Friday, March 16, 2012

Disability Rights, What Happened at My Health Class, and Being Severely Obese

The severely obese are pariahs even in some of the disability rights community or were when I had contact with it many years ago. Even though many severely obese have other health problems--I had chronic and severe lung problems even before I became severely obese, and have gone mostly deaf and for the readers of this blog I do not have to list again the other health problems, but this is something I want to talk about. Because it is happening.

Years and years ago, I contacted a owner of a disability rights magazine, I wanted to write an article regarding the severely obese and my experiences with weight gain, this was more then 10 years ago. I was turned down flat and told that being severely obese was not "real disability". I moved on, but the editor of this magazine who I got the phone number from a now deceased friend, was actually ABUSIVE to me. Why? The super-fat weren't really disabled but were at fault for their condition.

Another time, this was when my weight was higher and I was having more mobility problems years ago, I was seeking information about a wheelchair. I had not made the decision to buy one. In fact even while a friend told me I should get one to be able to go more places, I feared losing abilities so put it off. I do own a scooter but without a lift, it is useless to use even at local art fairs and flea markets. So unless its a big grocery store with a scooter, the places I go are ones where I can walk. My husband used to lift into the scooter into the van but now is too unhealthy himself to manage all that. I went onto a wheelchair forum, I talked to the people, some who were paralyzed and I considered their problems more severe then my own and when they found out why I may need a wheelchair, they became abusive, talking about how the fat butts [they used a different word] deserved what they got and shouldn't have any wheelchairs, and they could lose weight while they were trapped forever, and fat people were disgusting. They went to town. I even told a few on that message board how I gained the weight, it did not matter. Due to the sheer numbers and degree of vitriol, I left.

Well the other day in my health class, I have stayed in the class because of the information gained. They have given me new ideas to help my health, so I have stuck it out, but it has been very difficult. I have gotten the scathing know-it all looks. The subtle rejection, where no one talks to me. This is a re-run of the Weight Watchers meeting of 2008 where I was totally ignored. The women running it are very corporate and rigid types though this is a volunteer gig for them have refused much bonding within the group and have run it like clock-work. I feel like I am condemned in there and I know I am, because one day, as I was sitting there wheezing a bit, the weather had turned warm--not quite to housebound status, and annoying some lady next to me, I just happened to turn my head, and saw that she had written in her notebook, in very large letters, "I am going to tell them, they need to screen people better for this class, not just let some person in who is overweight who has no chronic health problems."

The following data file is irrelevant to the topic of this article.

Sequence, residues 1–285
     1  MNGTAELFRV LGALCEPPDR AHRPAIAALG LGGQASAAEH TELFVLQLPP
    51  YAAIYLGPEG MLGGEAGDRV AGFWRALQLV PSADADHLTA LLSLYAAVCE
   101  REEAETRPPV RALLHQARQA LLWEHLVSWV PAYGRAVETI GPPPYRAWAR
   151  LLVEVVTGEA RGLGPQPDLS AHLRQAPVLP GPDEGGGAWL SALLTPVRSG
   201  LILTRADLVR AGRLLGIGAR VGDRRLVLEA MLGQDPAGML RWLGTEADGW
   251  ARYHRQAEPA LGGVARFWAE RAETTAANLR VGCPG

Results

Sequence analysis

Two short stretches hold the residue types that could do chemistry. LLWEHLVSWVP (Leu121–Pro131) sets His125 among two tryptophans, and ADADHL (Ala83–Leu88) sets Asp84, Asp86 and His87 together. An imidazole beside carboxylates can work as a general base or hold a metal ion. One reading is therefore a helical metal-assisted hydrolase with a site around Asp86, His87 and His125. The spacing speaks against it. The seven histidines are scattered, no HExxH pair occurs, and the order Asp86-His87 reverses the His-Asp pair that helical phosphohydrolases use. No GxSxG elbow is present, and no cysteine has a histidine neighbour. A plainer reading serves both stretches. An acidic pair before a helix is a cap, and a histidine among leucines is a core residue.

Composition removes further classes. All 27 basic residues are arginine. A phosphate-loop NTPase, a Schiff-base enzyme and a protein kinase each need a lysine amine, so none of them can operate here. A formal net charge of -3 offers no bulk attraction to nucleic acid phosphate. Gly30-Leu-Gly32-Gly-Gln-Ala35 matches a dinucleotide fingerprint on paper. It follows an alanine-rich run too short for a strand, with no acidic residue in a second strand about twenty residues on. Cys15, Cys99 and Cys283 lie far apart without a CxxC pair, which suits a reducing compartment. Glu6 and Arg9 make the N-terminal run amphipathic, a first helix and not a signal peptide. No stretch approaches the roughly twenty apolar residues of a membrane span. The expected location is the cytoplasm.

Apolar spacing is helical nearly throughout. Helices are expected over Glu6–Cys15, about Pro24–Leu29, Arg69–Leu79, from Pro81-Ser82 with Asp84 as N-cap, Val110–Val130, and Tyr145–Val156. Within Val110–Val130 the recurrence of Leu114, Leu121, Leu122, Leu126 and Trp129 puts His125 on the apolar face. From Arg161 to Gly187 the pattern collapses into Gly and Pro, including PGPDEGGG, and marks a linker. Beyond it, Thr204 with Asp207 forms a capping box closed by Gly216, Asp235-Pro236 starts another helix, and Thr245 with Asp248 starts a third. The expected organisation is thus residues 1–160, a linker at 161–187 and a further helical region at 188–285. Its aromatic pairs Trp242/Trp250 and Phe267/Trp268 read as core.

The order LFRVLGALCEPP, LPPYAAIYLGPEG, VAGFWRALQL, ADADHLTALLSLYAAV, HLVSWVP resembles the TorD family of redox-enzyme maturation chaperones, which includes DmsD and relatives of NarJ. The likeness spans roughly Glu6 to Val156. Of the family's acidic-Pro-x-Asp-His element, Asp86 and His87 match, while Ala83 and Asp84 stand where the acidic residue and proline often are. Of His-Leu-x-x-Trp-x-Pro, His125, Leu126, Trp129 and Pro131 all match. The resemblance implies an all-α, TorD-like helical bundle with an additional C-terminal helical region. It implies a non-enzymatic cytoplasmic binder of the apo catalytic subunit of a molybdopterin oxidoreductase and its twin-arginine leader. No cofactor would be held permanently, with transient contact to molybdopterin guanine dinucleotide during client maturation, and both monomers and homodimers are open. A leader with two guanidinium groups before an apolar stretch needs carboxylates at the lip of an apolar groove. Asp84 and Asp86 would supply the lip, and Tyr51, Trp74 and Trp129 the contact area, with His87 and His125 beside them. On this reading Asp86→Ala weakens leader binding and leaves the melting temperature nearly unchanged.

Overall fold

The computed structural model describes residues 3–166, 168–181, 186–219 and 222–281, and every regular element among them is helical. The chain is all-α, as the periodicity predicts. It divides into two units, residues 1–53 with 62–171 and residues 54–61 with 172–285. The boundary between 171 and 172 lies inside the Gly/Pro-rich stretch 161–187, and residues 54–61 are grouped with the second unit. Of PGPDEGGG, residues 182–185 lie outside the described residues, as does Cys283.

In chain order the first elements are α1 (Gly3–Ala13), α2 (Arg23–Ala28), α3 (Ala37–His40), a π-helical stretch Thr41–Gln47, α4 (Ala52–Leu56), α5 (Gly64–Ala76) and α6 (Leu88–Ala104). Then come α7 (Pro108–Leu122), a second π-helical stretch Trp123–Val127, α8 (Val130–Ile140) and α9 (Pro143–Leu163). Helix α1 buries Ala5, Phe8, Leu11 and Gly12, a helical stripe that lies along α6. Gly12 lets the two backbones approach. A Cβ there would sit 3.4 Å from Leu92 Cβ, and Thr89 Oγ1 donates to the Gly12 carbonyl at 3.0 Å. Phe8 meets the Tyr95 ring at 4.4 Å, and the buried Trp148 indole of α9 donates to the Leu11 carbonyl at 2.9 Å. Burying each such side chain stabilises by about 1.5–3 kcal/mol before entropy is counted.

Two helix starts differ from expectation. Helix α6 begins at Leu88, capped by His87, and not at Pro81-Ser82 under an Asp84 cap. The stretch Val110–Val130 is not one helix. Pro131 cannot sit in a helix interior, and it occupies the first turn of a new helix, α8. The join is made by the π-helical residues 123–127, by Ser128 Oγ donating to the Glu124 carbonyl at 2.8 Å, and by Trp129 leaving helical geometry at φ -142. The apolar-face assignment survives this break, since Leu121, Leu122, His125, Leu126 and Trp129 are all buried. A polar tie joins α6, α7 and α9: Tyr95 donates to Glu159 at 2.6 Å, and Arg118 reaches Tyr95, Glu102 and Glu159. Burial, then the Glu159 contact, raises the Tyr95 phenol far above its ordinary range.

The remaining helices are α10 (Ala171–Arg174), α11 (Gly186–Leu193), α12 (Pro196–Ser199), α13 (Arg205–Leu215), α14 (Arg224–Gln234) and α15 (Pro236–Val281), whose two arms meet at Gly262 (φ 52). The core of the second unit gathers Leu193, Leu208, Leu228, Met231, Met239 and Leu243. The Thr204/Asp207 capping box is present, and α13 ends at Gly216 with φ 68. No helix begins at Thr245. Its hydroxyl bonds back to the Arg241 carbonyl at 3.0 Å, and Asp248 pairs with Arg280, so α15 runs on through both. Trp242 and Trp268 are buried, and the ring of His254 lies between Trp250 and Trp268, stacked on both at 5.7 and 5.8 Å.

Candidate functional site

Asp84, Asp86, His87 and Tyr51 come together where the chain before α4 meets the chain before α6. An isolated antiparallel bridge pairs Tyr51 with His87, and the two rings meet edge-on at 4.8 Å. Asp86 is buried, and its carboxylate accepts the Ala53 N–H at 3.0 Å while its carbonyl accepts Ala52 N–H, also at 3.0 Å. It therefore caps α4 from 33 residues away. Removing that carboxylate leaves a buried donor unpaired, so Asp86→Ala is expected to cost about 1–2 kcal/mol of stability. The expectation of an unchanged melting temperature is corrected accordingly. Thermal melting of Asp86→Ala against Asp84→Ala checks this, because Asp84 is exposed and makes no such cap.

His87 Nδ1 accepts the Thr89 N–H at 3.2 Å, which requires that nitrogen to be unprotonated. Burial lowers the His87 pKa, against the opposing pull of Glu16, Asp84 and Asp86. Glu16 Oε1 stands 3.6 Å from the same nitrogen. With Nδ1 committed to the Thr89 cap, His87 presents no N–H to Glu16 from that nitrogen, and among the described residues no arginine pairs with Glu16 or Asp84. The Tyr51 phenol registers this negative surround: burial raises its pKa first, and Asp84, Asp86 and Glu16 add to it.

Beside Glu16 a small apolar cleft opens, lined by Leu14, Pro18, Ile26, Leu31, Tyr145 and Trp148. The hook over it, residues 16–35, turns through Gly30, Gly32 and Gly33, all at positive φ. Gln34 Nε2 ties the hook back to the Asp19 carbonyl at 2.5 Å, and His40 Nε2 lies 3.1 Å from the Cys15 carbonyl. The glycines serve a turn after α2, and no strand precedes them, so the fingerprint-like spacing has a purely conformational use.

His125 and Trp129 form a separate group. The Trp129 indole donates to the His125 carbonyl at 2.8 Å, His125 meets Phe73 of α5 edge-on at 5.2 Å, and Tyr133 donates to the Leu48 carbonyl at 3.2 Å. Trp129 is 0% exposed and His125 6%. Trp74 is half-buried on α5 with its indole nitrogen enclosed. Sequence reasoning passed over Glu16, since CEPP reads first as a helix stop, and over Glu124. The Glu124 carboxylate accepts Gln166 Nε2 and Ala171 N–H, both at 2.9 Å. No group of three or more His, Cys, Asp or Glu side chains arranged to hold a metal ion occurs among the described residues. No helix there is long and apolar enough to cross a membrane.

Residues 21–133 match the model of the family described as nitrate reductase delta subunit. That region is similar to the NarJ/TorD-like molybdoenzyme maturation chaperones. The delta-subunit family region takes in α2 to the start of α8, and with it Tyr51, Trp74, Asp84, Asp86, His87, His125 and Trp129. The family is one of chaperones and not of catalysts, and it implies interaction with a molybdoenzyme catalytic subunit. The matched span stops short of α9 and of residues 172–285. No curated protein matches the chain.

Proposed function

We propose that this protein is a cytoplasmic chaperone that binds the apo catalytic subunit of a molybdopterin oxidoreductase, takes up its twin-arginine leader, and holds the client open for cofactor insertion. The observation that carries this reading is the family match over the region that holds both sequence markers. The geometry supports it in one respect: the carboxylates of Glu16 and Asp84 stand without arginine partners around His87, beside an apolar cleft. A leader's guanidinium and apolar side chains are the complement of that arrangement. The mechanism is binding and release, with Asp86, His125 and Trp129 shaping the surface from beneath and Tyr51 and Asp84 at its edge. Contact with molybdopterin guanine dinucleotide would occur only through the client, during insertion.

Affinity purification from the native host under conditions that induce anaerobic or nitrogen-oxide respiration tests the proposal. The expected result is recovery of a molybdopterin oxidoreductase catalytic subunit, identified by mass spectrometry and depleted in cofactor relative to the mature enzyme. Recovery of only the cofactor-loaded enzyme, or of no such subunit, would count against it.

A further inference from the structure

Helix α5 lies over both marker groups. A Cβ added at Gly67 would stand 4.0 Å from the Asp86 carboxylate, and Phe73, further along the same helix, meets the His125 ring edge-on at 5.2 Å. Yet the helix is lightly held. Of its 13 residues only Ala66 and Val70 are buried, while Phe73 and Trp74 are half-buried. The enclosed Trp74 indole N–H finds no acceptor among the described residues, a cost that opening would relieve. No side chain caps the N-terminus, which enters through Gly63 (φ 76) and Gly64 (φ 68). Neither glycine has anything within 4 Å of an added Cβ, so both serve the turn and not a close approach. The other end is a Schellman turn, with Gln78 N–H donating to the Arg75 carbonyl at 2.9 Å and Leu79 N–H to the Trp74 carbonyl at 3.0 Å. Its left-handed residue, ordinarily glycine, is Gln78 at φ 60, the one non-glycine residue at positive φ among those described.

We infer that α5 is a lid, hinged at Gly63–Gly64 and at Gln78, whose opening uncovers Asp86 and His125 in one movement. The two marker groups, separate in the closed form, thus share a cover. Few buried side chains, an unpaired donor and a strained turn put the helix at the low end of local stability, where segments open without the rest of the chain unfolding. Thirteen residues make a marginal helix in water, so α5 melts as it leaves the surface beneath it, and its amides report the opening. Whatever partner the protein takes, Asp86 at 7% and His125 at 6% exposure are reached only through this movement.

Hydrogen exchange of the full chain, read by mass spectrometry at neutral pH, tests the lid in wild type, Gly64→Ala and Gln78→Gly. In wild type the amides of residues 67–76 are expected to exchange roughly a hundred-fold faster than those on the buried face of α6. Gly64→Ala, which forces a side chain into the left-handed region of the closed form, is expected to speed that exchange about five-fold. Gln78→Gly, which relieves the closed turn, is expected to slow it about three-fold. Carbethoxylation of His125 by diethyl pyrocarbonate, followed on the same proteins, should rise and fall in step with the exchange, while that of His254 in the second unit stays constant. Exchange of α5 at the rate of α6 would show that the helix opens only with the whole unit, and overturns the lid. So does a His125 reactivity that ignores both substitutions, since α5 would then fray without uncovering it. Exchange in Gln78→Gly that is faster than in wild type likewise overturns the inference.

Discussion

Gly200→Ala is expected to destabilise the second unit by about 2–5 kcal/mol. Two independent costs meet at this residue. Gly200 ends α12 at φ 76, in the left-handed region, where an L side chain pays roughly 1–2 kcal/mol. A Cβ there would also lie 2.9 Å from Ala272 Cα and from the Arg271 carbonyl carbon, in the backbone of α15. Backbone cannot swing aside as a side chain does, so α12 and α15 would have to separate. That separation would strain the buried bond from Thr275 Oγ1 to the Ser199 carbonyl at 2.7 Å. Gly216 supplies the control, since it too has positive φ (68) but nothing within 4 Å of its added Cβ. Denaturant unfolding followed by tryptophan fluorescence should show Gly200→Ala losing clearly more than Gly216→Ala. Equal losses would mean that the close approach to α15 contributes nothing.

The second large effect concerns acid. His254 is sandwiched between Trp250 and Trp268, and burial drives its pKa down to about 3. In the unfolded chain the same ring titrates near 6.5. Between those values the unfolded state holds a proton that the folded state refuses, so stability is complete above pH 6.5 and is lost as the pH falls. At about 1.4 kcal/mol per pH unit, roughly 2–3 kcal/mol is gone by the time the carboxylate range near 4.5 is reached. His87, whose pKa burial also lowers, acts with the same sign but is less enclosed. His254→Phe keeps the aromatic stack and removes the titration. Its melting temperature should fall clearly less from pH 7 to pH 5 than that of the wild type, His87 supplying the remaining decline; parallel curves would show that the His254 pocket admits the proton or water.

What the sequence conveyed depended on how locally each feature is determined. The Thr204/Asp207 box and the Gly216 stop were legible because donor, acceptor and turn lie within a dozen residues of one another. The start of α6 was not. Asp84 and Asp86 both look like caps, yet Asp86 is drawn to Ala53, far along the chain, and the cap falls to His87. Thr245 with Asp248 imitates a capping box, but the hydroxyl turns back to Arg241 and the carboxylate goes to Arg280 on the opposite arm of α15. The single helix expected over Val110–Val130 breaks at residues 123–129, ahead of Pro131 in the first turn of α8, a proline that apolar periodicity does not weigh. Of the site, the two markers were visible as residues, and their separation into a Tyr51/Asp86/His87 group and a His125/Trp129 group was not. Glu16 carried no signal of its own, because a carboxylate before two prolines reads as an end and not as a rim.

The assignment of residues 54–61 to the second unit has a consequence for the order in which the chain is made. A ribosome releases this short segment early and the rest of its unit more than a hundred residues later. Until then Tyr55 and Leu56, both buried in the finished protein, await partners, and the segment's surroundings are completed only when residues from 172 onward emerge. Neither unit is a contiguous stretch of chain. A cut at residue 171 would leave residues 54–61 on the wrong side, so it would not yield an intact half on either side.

Outside of thinking, who does this pinched up, extremely thin lady think she is? I found that so absurd. Clear the weight away, and I still would not be an icon of health. Even if some is obesity co-morbs, if I and that lady wanted to do an autoimmune throw down, I'd "win" hands down.

Well at that point I got a chance, to speak for myself. I didn't tell her I saw what she wrote, and the "facilitators" told us to talk to the person next to us, to discuss a health challenge regarding communication that was troubling us, and go down this problem solving list with a partner.

I told her, my problem was fat prejudice and not being listened to because people are ignorant about obesity and that my life has even been endangered before because of this.